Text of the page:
One thing that’s for certain is that there’s never a dull moment with Judge Acker around. Take, for example, his June 27th opinion and order stating discovery in the above-entitled miscellaneous case is STAYED, except to the extent the parties agree.
What the miscellaneous case turns out to be is one transferred from Illinois and combined with Renfroe v Rigsby just long enough to work a little magic and see if the Rigsby sisters will disappear before anyone orders State Farm employees to testify about what really happened in claims handling after Katrina. Given this quote reported by WLOX in October 2006, the last sentence should have read a little more magic.
The company claims its employees risk incriminating themselves if they testify in civil cases before the criminal probes are completed.
“State Farm’s interest in having a fair opportunity to defend itself in this civil proceeding would also be jeopardized if the depositions of these four individuals are permitted to go forward,” the company’s attorneys wrote in court papers.
Watch this slight-of-hand and see if you catch the trick. Continue reading “Renfroe v Rigsby and the "magic jurisdiction" of the Miscellaneous Case”
After reading Anita Lee’s story on the upcoming deposition of the Scruggs, I pulled Notice to take Deposition of Dickie and Zach from a post Nowdy had in drafts to give SLABBED readers the rest of the story.
State Farm has been attempting since November to take the Scruggses’ pretrial testimony, called depositions, in the McIntosh case. Spokesman Fraser Engerman would say only that the company is seeking the testimony for its defense.
“I’m not sure what State Farm is trying to get at with the deposition,” said the McIntoshes’ new attorney, William F. “Chip” Merlin. “It seems they’ve already gotten their 10 pounds of flesh from Dickie Scruggs and everyone who worked for him.”
As Faulkner said, the past isn’t dead, it isn’t even past – and that’s certainly true in this situation.
Background information is in these posts: Dickie and Zach tell State Farm to find another party and Judge Walker serves the Rigsby sisters to State Farm on Silver Platter.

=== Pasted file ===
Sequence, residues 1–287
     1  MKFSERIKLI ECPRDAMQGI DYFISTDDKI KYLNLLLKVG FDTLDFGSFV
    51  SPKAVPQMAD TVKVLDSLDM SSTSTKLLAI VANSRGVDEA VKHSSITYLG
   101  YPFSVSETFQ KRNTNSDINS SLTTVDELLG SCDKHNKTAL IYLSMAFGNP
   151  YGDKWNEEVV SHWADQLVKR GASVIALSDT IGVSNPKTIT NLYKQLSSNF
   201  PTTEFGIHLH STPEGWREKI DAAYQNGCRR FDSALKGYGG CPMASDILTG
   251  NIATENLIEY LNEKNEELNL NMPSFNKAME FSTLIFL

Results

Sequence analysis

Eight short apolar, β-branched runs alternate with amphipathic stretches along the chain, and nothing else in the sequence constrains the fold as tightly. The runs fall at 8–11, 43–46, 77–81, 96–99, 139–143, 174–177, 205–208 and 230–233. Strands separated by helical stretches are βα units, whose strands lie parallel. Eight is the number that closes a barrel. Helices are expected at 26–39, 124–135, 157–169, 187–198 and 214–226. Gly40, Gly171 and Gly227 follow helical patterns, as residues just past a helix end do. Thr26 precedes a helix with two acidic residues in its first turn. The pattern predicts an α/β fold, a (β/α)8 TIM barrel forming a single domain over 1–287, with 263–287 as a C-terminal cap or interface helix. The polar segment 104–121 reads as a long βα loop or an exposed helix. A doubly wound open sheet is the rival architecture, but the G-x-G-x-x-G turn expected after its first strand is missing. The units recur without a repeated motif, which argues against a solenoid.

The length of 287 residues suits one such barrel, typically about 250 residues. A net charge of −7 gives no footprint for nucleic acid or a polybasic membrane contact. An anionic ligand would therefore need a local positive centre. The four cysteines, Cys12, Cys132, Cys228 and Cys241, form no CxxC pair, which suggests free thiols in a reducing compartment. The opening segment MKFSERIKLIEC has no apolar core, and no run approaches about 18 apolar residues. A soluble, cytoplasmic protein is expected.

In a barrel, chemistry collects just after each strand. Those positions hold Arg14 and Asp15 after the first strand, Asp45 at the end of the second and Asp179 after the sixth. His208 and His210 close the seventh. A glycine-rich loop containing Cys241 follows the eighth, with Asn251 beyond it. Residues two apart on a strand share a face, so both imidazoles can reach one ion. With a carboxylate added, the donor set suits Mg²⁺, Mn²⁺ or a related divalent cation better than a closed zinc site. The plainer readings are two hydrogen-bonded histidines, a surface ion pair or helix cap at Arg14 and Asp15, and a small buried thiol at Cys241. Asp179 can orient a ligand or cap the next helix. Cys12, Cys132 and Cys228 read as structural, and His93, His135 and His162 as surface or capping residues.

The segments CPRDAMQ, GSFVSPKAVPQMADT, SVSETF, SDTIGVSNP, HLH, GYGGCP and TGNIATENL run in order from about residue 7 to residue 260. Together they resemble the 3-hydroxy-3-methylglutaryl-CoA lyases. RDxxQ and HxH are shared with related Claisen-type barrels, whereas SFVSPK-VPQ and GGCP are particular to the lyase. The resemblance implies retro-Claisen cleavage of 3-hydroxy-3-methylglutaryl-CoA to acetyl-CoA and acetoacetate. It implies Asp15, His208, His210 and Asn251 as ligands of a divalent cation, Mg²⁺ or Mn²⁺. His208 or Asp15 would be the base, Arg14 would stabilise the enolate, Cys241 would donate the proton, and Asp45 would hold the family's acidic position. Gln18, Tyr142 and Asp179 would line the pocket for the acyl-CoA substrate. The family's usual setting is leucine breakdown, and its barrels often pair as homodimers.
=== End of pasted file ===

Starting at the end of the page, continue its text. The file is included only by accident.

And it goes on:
This is certainly a stalling tactic. State Farm is playing Renfroe v. Rigsby v. McIntosh v. State Farm v. Rigsbys like a merry-go-round until they can sling off. Anything but litigate these cases because they don’t have a leg to stand on obviously.
Little did I know that getting to know the artists of the Bay’s colony – the highlight of my 4th of July staycation – would lead me to a better understanding of Lisanby v USAA. However, that’s exactly what happened when I discovered the literary art of Ellis Anderson and the incredible photographs of Joe Tomasovsky – The Language of Loss.
Thus, today I face the dual challenge of directing SLABBED readers to the relevant text and photograph without benefit of a full night’s sleep – so let’s get started.
IMO, concerns about the validity of the Linsanby’s claim are due in large part to the photograph showing the first floor out and related evidence of the second floor with little damage.
- At one point there was mention that a mirror was still hanging on the first floor – evidence intended to show that the wind could not have been source of damage.
- Click on the link to the Language of Loss – it’s blogspot so your option is to scroll down the first section until you see a Tomasovsky photograph “The Living Room”.
- The entire front of the building is gone – but you’ll see a living room that looks as if nothing at all happened. Although it’s on the second floor, it’s important to remember the distance between the Bay and Pascagoula relative to the eye of Katrina.
Next, on the issue of wind versus water. Continue reading “"The Language of Loss" re: Lisanby v USAA”